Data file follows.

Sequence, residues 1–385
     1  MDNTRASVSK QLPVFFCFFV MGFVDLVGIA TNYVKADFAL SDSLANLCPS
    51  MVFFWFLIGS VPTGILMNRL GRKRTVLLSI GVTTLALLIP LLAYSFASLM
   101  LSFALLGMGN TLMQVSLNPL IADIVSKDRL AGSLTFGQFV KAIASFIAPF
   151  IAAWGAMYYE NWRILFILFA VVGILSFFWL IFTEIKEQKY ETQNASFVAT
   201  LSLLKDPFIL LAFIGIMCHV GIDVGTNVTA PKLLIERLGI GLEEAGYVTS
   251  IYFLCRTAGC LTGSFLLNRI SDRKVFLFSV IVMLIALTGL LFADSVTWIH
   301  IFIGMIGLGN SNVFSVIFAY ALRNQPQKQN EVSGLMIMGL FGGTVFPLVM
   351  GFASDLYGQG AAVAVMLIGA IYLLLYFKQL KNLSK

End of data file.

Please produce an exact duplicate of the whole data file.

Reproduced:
Sequence, residues 1–385
     1  MDNTRASVSK QLPVFFCFFV MGFVDLVGIA TNYVKADFAL SDSLANLCPS
    51  MVFFWFLIGS VPTGILMNRL GRKRTVLLSI GVTTLALLIP LLAYSFASLM
   101  LSFALLGMGN TLMQVSLNPL IADIVSKDRL AGSLTFGQFV KAIASFIAPF
   151  IAAWGAMYYE NWRILFILFA VVGILSFFWL IFTEIKEQKY ETQNASFVAT
   201  LSLLKDPFIL LAFIGIMCHV GIDVGTNVTA PKLLIERLGI GLEEAGYVTS
   251  IYFLCRTAGC LTGSFLLNRI SDRKVFLFSV IVMLIALTGL LFADSVTWIH
   301  IFIGMIGLGN SNVFSVIFAY ALRNQPQKQN EVSGLMIMGL FGGTVFPLVM
   351  GFASDLYGQG AAVAVMLIGA IYLLLYFKQL KNLSK